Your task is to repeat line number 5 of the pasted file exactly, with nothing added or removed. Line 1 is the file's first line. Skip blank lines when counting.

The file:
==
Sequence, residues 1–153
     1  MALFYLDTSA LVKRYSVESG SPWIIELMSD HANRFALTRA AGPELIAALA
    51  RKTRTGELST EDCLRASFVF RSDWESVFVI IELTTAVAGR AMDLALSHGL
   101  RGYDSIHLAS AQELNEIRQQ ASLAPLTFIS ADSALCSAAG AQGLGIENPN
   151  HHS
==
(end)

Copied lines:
   151  HHS